ANALYSIS: Unpacking the Triple Eight appeal decision

Triple Eight Race Engineering's appeal against its Race 1 disqualification was dismissed. Picture: Ross Gibb Photography

Triple Eight Race Engineering’s appeal against its Race 1 disqualification was dismissed. Picture: Ross Gibb Photography

Triple Eight’s appeal against its twin disqualification at the Newcastle 500 has now been heard and dismissed, and now we take a deeper dive into why that was so.

Why did the appeal panel make the decision which it made, how did we arrive at this point, and what have been the ramifications of the rush to finish the Gen3 project?

Motorsport Australia released the Supercars Court of Appeal’s six-page decision paper in the days following the proceedings in Melbourne, explaining how Triple Eight Race Engineering’s bid to overturn the disqualification failed.

It is certainly a comprehensive document, which tells us why the Red Bull Ampol Racing Camaros of Shane van Gisbergen and Broc Feeney have not been restored to first and second position (respectively) in the classification of Race 1 of the Repco Supercars Championship (perhaps as a substitute for a less severe penalty).

Ultimately, the Banyo-based squad could not convince the three-person appeal panel for two reasons:

  1. The Supercars Head of Motorsport (HoM), Adrian Burgess, does not in fact have the authority to have unilaterally approved the otherwise non-compliant mounting of the cooling system
  2. Triple Eight did not make a case for ‘minor non-compliance’ in the stewards hearing held in Newcastle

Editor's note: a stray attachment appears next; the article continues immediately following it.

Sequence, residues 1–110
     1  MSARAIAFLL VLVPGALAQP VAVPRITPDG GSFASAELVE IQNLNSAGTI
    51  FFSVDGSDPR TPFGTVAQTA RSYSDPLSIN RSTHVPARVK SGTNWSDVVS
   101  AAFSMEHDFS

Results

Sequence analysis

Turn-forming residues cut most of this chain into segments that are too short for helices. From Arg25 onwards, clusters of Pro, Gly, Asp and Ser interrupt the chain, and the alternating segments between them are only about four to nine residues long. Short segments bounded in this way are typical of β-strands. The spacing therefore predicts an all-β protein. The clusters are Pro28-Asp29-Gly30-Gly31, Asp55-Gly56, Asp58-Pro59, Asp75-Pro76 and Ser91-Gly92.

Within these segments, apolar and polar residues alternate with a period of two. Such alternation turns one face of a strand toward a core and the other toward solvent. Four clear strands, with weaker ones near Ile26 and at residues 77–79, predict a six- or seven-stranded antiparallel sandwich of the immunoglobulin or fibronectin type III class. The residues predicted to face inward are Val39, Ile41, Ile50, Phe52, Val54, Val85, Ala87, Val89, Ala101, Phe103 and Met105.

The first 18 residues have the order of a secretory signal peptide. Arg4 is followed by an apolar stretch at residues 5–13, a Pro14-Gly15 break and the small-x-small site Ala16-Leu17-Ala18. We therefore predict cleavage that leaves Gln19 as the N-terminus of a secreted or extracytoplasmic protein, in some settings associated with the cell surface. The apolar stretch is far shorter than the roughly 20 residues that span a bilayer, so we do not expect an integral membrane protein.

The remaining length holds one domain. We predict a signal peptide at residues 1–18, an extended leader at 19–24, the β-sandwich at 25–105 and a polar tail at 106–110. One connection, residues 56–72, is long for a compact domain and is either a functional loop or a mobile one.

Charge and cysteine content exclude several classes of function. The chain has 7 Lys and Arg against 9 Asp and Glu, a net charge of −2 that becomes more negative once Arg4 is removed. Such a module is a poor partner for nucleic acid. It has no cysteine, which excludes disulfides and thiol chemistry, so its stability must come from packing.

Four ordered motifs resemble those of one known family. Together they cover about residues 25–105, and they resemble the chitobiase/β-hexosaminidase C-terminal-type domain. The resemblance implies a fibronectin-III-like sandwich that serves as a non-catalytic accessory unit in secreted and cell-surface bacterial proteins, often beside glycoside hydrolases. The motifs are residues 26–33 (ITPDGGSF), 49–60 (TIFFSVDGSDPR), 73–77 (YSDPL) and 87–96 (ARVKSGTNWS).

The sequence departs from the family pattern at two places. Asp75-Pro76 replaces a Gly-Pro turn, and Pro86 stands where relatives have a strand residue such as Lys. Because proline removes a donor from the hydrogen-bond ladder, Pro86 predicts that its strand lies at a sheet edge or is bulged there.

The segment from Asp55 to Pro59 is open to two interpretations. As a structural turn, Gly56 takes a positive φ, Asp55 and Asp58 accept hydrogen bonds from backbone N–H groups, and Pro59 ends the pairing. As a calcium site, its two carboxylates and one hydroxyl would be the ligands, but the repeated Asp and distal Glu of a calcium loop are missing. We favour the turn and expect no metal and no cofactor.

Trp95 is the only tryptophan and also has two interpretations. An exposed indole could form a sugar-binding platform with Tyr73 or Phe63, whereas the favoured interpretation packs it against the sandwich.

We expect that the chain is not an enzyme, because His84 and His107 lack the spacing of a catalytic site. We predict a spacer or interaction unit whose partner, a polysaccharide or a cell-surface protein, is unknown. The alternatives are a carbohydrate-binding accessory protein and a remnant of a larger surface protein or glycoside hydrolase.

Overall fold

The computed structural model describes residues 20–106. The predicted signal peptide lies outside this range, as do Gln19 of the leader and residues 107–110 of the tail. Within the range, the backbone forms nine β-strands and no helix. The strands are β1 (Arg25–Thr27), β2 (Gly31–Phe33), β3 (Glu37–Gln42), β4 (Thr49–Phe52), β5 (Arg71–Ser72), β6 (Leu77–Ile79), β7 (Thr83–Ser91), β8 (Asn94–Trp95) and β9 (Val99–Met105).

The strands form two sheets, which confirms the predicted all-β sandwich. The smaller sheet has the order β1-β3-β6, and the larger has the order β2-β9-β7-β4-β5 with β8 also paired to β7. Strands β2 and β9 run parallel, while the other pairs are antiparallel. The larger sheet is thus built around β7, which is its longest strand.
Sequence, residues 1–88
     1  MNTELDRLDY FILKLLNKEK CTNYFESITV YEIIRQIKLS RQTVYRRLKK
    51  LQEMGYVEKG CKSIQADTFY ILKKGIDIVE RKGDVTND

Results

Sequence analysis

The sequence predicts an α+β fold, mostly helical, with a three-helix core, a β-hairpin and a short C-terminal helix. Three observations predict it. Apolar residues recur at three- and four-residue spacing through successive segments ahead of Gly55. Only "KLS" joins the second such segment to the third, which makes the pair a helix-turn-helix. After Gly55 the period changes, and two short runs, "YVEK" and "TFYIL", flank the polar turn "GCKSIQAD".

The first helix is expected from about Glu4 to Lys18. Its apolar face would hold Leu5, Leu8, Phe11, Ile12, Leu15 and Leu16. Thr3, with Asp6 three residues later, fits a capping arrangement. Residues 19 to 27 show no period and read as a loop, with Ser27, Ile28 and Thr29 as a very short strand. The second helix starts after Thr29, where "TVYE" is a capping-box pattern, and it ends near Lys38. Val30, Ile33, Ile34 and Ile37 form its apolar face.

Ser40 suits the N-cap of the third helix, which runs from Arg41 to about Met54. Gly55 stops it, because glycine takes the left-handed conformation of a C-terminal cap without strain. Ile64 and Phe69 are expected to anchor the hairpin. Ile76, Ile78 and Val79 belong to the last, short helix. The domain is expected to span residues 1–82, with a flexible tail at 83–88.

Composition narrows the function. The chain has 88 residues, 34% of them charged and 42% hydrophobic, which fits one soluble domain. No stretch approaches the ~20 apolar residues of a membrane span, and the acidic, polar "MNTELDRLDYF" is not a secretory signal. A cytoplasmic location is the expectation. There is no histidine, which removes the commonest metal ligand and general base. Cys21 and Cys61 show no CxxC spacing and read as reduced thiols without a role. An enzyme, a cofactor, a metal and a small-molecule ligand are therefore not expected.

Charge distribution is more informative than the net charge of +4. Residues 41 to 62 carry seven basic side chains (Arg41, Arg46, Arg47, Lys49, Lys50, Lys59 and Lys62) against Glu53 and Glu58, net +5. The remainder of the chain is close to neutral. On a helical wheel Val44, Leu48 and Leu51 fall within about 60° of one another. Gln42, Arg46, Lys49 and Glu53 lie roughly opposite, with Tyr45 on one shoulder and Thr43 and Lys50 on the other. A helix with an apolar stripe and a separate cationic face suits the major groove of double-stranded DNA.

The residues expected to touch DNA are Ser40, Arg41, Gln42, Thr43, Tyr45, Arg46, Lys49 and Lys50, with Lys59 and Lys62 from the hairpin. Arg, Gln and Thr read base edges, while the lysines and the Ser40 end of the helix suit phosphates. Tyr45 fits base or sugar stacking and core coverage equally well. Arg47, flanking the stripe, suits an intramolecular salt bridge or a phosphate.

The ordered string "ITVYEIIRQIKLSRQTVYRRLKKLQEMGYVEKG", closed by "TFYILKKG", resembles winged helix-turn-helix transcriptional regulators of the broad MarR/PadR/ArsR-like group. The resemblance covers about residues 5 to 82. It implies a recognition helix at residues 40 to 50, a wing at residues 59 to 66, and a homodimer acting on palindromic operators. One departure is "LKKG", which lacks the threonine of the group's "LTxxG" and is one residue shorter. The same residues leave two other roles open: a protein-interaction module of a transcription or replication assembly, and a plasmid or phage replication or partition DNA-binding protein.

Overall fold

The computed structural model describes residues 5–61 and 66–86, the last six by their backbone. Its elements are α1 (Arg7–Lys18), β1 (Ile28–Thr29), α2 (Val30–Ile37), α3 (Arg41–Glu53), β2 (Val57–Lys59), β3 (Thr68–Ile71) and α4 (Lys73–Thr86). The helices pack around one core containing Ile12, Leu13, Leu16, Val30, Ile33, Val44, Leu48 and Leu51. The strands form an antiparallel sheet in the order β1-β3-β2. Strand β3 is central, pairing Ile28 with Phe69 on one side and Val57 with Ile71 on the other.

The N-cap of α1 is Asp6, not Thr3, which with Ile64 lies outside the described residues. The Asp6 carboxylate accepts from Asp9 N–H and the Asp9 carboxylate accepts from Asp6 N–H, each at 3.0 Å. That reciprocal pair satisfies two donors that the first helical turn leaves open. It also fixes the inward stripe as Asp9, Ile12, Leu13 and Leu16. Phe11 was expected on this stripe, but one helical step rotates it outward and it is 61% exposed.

Cars #88 and #97 were penalised for a breach of Rule C16.2.1.1, which prescribes that “[Rule C16.2.1; Any Driver cooling system that contains a cooling medium must be] mounted within the cockpit utilising the mounting points designated in the GSD for the passenger seat.”

The argument which Triple Eight made in Newcastle, and again in the appeal hearing, is that Team Manager Mark Dutton had shown the placement of the dry ice box to Burgess in their garage on the Thursday immediately prior to track activity, and he gave verbal approval.

Burgess agreed he had seen the system but disagreed he gave any permission to mount it in the otherwise non-compliant location, to the right of the driver’s seat.

The stewards accepted that both parties were sincere in their belief about the verbal approval (or otherwise), putting it down to a misunderstanding, but the HoM had to prevail.

As it turns out, the appeal panel decided that such permission, in and of itself, would have been insufficient.

As the decision paper reveals, Triple Eight attempted to invoke Rule C2.1.6 to support their position that their cars were legal because Burgess approved the installation of the cooling system.

That rule states, “Each Competitor is responsible for ensuring that their Car complies with the conditions of eligibility contained in the Rules throughout each Event and all Supercars authorised activities including all rides and at a Supercars Test Days as described in Rule D1, unless instructed by the HoM.”

What is explained in Paragraphs 17 to 23 of the decision paper, in a nutshell, is that Burgess (or whomever the HoM may be) is not God.

The appeal panel determined that the HoM does not have “unconstrained power to authorise a departure from the rules” because they could then effectively make up rules at any time.

The HoM would have to “make a written record” of the ‘instruction’ of the type referred to in Rule C2.1.6, which the stewards could then decide to accept. However, there is also a provision for stewards to act as though that had happened “if a question of eligibility is raised after the competition.”

It is an interesting position which the panel has taken, because it is in contrast to what understands has been the situation that verbal approvals have been commonplace in recent times due to the rushed rollout of Gen3.